It’s 2015, a colossal rugby year for obvious reasons. So you’ll be delighted that the RBS 6 Nations Championship is back, brasher and shinier than ever, with its new trophy and potential Rugby World Cup ramifications. It hasn’t so much crept up on you as kicked in your front door, sat in your favourite armchair and screamed at you to pay very close attention to what happens next.
Of course, you know what happens next. Whether you are at the grounds, down the boozer or deliberately locked up in your own living room, you will be rapt; unable to look away from the incredibly tense rugby action and incapable of keeping quiet. Let’s be honest, the Six Nations is one of those tournaments where bawling like a toddler with a stubbed toe is encouraged – as long as the tribal jibes are kept within the spirit of the game and no one boos the kicker, thank you very much, cheers, ta.
With the big kick-off in Cardiff, as England travel to face Wales, even the neutral will be chirping away. These two will face each other in the World Cup, after all. That Friday night blockbuster was always going to be raucous, rowdy and pretty damn loud-y and the Welsh will hope to blow the roof off the Millennium Stadium (mind you, they can only close the roof if the English management consent to shutting the sliding ceiling).
The encounter on the 6 February may go some way to deciding how the Six Nations pans out. Momentum is important in this tournament, and ignoring the fact that England are missing more personnel than a Sahara-based branch of Madame Tussauds, they still have some phenomenal athletes – athletes who are in fine form, like George Ford and Chris Robshaw, Joe Marler and Jonathan Joseph. Will they all be Test-ready and starting? That’s up to head coach Stuart Lancaster’s tactical plan. However, while Wales are sometimes predictable they are also painfully efficient if they get their team sloshing forward, and if England retreat at all, the Welsh can head to Scotland full of vim.
See, Wales only have two home games, while England have three. If England win away from home first up, they have the right spirit and X-factor players to string together a fine run. Wales need to play pragmatically. Because if they do that, they also have Ireland at home, and they will want to stifle, strangle and squash Ireland.
Oh the Irish, no longer relying on luck, they are close to countering New Zealand as the smartest counter-attacking team in the world. They love a quick ruck and they have what some of the other Six Nations sides surprisingly lack: a simple but effective exit strategy. They can also concertina the opposition defenders with their tight running lines. That’s how they win games.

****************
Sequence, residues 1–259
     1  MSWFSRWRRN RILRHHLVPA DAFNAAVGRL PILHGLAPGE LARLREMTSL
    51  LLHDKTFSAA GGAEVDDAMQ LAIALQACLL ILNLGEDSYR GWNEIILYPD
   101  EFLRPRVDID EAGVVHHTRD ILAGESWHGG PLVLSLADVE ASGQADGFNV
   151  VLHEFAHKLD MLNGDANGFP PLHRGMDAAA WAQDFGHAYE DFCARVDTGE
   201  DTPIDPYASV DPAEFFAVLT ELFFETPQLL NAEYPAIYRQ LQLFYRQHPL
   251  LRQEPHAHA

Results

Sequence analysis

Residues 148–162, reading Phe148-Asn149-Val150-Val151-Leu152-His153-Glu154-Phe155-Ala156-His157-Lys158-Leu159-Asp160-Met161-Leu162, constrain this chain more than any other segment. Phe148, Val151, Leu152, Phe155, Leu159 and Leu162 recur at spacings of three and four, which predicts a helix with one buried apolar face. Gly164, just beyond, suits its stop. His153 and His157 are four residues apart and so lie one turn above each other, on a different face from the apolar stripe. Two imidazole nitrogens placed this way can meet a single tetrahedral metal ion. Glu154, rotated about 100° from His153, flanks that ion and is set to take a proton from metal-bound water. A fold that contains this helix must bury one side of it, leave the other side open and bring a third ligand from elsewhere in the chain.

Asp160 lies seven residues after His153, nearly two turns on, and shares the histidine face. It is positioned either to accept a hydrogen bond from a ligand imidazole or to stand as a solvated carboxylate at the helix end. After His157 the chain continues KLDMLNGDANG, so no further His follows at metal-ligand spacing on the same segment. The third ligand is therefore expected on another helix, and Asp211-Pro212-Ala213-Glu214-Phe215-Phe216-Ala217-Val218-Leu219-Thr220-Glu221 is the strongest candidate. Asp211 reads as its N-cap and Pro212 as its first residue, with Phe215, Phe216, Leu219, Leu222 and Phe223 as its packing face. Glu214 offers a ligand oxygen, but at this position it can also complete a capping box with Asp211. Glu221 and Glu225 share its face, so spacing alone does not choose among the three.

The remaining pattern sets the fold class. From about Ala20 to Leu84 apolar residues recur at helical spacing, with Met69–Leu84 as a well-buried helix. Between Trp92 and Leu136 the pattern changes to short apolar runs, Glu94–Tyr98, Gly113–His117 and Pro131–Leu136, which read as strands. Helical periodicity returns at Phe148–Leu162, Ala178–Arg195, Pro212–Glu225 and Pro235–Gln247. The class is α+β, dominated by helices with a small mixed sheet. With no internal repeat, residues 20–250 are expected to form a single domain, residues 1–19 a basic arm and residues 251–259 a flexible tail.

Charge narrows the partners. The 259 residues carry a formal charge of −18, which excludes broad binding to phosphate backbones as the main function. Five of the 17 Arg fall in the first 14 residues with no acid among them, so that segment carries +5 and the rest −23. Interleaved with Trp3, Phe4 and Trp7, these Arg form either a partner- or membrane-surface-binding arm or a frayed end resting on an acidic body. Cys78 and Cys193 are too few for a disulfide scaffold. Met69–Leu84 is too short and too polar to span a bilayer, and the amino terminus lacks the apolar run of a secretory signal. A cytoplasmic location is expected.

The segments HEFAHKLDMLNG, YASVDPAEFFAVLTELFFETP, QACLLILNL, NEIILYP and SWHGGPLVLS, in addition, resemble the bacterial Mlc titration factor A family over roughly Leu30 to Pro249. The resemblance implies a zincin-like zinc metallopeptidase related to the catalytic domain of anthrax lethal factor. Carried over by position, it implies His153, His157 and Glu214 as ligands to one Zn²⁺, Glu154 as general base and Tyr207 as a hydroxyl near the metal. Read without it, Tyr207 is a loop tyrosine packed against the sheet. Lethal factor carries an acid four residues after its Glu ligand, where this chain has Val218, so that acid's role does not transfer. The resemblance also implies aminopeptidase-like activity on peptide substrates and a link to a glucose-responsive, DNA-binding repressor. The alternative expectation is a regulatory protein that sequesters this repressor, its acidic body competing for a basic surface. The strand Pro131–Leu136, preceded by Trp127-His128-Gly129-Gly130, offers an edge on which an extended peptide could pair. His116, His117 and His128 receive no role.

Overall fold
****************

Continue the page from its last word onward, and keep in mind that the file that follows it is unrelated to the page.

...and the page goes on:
Sounds like mumbo jumbo, there? Well tactical discipline is the real reason England, Ireland and Wales will be in the hunt for this title. They always give themselves a chance at the end of the Championship, because they hang in there and keep their shape. Scotland are getting there in terms of tactical discipline, but their general discipline is not the best. Chasing a game, Scotland have the potential to collect more cards than someone born on Christmas Day.
France and Italy? Holding it together is not their strong suit. France can fling it about, play snore-inducing forwards’ rugby or fall apart, while Italy cannot sustain shape for more than an hour, so neither are likely to get more than a few surprising results.
That’s not to say they won’t give you reason to shout in delight, as well as scoffing at their misadventures. It’s always good fun when they face each other (as they do on March 15), and with France hosting Scotland and Wales there should be some fine running rugby on show.
So if we say it’s a three horse race, with the World Cup on the horizon, England having three home games, Wales hosting them and Ireland but Ireland being smart defending champs, will there be any Grand Slams? It doesn’t seem likely. But for the shouting neutral, that doesn’t matter.
It will be screamingly good fun!